Blogging regularly doesn’t necessarily mean daily. In fact, you’ll almost certainly do better by writing slightly less often and putting more time and effort into your posts: after all, wouldn’t you rather your readers were eagerly looking forward to your next in-depth post, instead of skipping past yet another mediocre 300 word piece that you’ve churned out?

To get into a regular blogging habit, try setting up a blogging calendar. Once you’ve found a comfortable routine, it’s easy to keep going.

2. Learn actively

Just writing regularly won’t get you far. It’s also important to actively learn about writing—to look for areas where you want to improve.

You need to slow down when you write. You need to think about what you’re writing, and how it works to capture reader attention. You need to devote conscious attention to improving your work to make it more effective. More readable. More captivating and compelling.

—James Chartrand, Why You Shouldn’t Write Often, Men with Pens

So how do you give your writing that “conscious attention” which James is talking about?

  • Read writing blogs. Ideally, subscribe to them so you get daily tips and inspiration. I’d recommend Daily Writing Tips, Copyblogger, and Men with Pens, for starters.
  • Invest in great ebooks. The Copywriting Scorecard for Bloggers is a fantastic resource to have to hand. And if your grammar and spelling could use a bit of work, get 100 Writing Mistakes to Avoid (from Daily Writing Tips).
  • Read brilliantly-written blogs, and learn from them. All the writing blogs are great examples, but it’s also a good idea to find blogs in your own niche. If you come across a particularly engaging or well-written post, print it out and go through line-by-line to see how it works.
  • Go to a writing class or course. Try your local college, or look online—for instance, Darren and Chris run Creating Killer Content.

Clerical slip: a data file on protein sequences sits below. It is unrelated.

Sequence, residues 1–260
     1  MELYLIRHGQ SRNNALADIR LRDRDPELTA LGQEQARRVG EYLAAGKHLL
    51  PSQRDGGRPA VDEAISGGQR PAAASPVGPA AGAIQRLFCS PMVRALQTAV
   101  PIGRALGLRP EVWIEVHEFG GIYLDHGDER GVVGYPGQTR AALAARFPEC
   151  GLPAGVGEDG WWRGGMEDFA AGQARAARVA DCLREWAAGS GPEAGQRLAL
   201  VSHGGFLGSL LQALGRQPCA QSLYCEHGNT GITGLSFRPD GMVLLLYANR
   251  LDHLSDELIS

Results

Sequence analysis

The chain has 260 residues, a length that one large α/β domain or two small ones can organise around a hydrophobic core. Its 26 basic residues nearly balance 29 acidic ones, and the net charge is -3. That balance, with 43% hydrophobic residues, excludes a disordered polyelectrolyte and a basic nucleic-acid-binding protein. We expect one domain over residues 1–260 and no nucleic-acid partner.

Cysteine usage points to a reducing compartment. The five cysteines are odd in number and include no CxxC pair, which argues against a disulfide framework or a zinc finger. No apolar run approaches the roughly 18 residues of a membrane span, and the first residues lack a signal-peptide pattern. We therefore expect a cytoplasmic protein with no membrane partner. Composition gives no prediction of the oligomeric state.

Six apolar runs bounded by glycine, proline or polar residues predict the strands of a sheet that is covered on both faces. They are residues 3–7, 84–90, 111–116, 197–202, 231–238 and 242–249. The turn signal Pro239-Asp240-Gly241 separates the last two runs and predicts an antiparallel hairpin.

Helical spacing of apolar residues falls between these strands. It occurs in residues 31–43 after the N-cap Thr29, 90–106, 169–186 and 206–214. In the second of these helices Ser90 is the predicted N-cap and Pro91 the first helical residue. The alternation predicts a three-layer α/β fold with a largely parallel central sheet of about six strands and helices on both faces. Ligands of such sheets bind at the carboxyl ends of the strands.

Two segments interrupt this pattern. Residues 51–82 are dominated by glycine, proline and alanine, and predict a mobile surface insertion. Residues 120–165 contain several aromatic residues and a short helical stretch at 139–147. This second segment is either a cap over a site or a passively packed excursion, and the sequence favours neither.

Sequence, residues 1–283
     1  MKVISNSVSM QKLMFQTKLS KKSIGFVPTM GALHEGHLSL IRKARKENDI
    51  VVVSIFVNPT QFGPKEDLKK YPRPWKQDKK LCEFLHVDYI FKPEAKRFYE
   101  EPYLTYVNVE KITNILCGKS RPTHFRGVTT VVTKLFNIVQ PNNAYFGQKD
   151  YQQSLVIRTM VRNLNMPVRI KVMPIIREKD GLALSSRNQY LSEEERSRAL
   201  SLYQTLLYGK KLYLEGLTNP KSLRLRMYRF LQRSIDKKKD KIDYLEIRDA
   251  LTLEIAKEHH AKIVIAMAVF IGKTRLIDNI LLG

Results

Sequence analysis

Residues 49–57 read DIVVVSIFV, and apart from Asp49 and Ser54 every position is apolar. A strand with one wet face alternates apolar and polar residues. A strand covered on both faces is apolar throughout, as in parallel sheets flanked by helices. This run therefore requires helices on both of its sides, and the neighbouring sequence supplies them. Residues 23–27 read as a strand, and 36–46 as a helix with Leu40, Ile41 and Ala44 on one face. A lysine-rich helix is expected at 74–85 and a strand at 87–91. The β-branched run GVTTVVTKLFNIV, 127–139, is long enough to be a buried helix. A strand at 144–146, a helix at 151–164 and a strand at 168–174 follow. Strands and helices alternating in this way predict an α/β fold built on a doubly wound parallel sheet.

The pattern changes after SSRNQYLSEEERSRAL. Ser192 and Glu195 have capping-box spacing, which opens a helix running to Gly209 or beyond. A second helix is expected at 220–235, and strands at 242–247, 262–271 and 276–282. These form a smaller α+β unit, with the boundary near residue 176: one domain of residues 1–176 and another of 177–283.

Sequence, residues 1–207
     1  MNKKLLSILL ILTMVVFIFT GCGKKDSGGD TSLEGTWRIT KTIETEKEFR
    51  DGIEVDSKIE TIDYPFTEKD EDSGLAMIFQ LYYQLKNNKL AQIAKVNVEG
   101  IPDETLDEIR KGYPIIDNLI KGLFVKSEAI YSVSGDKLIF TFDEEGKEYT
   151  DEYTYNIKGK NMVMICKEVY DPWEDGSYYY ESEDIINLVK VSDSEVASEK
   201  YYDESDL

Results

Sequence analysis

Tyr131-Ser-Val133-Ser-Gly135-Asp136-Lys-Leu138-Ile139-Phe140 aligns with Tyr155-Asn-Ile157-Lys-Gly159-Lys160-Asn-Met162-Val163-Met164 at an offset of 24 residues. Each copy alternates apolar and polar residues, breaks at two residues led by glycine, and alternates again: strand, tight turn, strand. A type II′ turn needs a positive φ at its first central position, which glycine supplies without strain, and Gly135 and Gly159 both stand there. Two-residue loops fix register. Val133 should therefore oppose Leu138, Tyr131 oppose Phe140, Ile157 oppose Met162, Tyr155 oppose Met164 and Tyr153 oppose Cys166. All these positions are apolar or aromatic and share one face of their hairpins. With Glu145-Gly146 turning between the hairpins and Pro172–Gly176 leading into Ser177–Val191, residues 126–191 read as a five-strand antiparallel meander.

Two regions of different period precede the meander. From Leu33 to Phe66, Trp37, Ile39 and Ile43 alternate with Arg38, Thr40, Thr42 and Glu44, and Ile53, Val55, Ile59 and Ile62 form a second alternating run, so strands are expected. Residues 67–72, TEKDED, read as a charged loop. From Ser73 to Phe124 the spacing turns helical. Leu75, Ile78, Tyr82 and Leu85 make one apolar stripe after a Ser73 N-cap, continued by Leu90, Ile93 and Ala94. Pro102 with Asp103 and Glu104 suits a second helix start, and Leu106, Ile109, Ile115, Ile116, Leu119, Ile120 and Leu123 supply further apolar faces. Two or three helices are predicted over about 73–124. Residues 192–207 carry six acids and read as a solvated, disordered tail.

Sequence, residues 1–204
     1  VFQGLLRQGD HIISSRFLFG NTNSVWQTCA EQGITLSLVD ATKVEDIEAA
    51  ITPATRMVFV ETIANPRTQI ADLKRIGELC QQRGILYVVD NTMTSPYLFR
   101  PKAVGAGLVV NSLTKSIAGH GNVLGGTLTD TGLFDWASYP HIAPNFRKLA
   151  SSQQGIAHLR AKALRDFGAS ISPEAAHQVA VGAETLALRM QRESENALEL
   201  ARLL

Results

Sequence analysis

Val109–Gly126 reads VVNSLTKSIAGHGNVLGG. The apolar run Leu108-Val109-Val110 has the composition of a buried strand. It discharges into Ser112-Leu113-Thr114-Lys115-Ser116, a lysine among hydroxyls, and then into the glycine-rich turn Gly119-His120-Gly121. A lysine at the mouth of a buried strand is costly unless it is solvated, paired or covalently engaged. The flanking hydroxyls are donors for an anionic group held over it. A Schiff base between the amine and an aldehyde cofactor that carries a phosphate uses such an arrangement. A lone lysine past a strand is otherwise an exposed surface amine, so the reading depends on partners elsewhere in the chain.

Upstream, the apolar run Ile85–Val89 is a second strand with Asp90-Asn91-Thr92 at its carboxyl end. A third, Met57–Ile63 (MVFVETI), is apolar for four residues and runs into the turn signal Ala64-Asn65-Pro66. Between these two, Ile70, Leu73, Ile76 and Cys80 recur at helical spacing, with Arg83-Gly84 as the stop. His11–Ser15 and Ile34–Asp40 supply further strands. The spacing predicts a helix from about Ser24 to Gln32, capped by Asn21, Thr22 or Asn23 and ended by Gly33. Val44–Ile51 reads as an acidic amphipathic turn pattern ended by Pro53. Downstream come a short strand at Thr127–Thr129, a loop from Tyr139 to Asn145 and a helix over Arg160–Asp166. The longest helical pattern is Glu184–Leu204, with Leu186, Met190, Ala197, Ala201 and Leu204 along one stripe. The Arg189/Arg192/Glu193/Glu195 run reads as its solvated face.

• Form a writing circle with blogger friends. You might not be experts, but you’ll probably be able to point out the potential flaws or trouble spots in one another’s work.
  • Get one-to-one support from a writing coach. Although this isn’t cheap, it’s an incredibly effective way to get advice specific to you and your writing.

3. Read widely

How much reading do you do outside the blogosphere? When did you last read a book?

Although blogging is a particular form of writing, you can learn a lot from other mediums and styles. You might find a great technique in an advert in a newspaper, for instance, or you could use a brilliant headline that you took from a magazine.

Most books have been through a number of gatekeepers before being published—agents, editors, marketing boards, and so on. Not all books are well written, but many are, and they can give you a sense of what’s possible. Try out some novels (ask friends for recommendations)—novelists have the toughest job of all writers, because they have to convince us to care about imaginary people in made-up situations.

Look for good non-fiction books too—I particularly like the writing style of Richard Wiseman (Quirkology and 59 Seconds) and Chip and Dan Heath (Made to Stick and Switch).

4. Write creatively

As well as reading outside the blogosphere, try writing outside it. Okay, you may not have any ambitions to be the next J.K. Rowling, but by trying out different writing styles, you’ll find yourself becoming more comfortable and fluent in your blogging.